"These men don't suffer. Why, hell, half of them don't even speak English." This is the best-remembered sentence from the closing remarks of George F. Baer to the Anthracite Coal Commission in February 1903. President of the Philadelphia & Reading Railroad (later reorganized as simply The Reading Company), he was known to the world as Divine Right Baer. The nickname was attached after he wrote during the Great Anthracite Coal Strike of 1902:
"The rights and interests of the laboring man will be protected and cared for -- not by the labor agitators, but by the Christian men of property to whom God has given control of the property rights of the country, and upon the successful management of which so much depends."
Baer's Reading was part of a J.P. Morgan trust, which by 1902 controlled 96% of all the hard coal in Pennsylvania. And Pennsylvania anthracite at that time was the principal source of home heating on the eastern seaboard of the United States.
Divine Right Baer, or "George the Last" as he was labeled by Clarence Darrow, was right about one thing: the majority of the miners who dug his coal did not speak English. An influx of Southern and Eastern European peasants had shifted the dominant ethnic composition of the hard coal counties of central-eastern Pennsylvania from the English-Welsh-Irish configuration of the Molly Maguire days to a feisty brew of Slavs, Italians, Hungarians, and Poles. They might not know much English. But these most-recent arrivals to America's shores brought a tradition of tight-knit extended families and villages. Unionism, while something new to their experience, was hardly alien in its fundamental concepts and goals. Though most couldn't afford to buy, and were equally unable to read, his books, they came to idolize United Mine Workers' President John Mitchell ... Johnny Da' Mitch.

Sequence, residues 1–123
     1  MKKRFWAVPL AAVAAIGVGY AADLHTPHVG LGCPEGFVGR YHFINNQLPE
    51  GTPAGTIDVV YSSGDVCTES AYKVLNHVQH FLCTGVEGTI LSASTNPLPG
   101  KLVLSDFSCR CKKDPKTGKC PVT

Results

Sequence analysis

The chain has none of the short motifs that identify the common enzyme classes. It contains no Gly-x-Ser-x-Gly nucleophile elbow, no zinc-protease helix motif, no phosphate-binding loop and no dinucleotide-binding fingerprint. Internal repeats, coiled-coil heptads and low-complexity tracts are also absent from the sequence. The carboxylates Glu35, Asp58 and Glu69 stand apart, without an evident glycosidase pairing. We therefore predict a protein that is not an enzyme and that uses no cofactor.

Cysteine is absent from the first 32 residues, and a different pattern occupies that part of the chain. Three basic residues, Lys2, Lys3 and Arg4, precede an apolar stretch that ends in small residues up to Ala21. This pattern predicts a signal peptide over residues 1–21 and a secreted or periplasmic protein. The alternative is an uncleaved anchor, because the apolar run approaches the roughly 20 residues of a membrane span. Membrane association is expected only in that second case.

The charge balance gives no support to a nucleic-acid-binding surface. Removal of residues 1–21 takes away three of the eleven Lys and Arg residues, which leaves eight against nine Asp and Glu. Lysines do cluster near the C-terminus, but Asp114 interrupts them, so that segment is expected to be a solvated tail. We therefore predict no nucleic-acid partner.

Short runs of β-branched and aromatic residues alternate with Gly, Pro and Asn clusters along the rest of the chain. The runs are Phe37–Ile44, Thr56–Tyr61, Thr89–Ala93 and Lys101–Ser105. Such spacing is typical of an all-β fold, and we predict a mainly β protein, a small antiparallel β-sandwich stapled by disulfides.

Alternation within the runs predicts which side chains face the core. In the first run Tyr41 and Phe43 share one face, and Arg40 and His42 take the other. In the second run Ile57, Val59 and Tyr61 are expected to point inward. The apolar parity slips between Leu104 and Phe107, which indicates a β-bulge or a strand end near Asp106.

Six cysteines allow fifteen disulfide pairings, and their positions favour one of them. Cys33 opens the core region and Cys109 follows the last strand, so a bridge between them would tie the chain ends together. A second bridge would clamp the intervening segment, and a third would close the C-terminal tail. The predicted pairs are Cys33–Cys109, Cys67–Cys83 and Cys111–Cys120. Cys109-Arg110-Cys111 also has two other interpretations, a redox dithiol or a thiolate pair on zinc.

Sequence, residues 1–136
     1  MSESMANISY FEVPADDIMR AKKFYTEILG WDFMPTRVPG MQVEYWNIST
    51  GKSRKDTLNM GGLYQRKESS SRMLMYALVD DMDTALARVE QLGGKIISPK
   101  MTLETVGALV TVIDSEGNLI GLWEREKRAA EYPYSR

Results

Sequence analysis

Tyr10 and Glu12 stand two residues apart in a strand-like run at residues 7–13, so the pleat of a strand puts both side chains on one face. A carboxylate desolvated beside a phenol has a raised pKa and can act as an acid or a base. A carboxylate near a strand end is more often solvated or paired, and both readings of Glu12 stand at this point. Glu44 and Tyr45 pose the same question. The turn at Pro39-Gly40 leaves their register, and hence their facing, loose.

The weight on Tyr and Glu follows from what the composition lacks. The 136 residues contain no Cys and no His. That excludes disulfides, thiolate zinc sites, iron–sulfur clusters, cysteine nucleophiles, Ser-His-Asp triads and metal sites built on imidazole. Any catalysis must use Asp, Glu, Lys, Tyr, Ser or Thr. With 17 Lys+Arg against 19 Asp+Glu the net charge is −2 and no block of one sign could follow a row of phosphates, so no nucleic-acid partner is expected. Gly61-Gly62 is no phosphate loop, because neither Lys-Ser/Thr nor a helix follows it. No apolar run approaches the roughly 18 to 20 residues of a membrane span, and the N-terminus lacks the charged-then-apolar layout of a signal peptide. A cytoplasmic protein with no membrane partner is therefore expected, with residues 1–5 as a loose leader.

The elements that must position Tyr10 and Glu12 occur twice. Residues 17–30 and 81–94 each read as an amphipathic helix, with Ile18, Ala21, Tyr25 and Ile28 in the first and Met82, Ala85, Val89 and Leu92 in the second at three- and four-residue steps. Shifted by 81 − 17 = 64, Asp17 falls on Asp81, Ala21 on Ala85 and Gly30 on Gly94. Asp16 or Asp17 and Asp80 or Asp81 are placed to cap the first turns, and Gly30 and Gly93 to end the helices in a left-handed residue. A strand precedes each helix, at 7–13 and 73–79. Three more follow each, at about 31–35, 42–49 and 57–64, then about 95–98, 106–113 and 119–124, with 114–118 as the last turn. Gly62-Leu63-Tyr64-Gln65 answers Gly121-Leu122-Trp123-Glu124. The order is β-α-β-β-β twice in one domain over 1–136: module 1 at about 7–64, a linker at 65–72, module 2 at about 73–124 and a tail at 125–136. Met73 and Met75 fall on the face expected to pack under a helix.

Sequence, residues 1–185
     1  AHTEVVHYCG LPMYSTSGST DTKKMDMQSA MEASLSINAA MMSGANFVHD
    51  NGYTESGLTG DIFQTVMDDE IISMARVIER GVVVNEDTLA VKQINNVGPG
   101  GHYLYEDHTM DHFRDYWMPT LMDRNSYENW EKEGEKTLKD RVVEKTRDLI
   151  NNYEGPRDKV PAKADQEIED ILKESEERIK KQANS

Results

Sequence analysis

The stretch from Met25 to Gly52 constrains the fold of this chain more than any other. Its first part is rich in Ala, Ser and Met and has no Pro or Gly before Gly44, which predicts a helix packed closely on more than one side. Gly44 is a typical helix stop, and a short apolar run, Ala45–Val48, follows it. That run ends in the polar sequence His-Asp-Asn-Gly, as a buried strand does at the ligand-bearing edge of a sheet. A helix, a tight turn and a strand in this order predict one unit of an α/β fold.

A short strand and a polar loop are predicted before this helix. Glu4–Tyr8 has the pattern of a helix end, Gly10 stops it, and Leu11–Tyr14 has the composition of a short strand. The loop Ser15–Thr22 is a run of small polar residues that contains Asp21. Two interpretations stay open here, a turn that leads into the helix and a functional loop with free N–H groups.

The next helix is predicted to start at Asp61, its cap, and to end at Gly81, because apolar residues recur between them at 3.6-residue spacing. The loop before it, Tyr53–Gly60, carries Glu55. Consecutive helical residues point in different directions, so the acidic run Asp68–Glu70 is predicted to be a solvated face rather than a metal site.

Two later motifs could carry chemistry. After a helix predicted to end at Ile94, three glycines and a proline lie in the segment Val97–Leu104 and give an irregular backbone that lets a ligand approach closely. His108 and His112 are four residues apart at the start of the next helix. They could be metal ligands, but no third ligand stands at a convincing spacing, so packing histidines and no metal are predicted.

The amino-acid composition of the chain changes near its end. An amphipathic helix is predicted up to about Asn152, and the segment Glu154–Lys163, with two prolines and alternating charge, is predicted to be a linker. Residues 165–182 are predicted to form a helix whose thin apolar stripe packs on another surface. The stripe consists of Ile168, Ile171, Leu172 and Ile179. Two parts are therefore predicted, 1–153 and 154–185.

When, by the end of September 1902, about 125,000 anthracite miners out of a total workforce of perhaps 135,000 had rallied to the UMWA's call to strike for a wage increase and a shorter day, a nervous Theodore Roosevelt bullied and badgered J.P. Morgan, whom he was suing under the Sherman Act for anti-trust violations in the groundbreaking Northern Securities case, to bring the mine and railroad owners into mandatory arbitration.
The UMWA hired Clarence Darrow, destined to be the nation's most famous trial attorney. He in turn trotted 239 witnesses in front of the commission. Under Darrow's careful questioning teenage breaker boys recounted how they urinated on their fingers to warm them after hours of picking the slate from the coal in the dead of winter. Widows recalled how their husbands had died in debt to the company store for the powder, tools and lamp fuel they needed to do their hazardous jobs. Crippled men otherwise in their prime testified that they had received not a dime in compensation for their terrible injuries down in the pits. So affecting was this narrative of injury, illness and exploitation that the commissioners finally asked that the "spectacle of horrors" cease.
On March 22, 1903, they awarded the miners a 10% pay increase and an eight-hour day.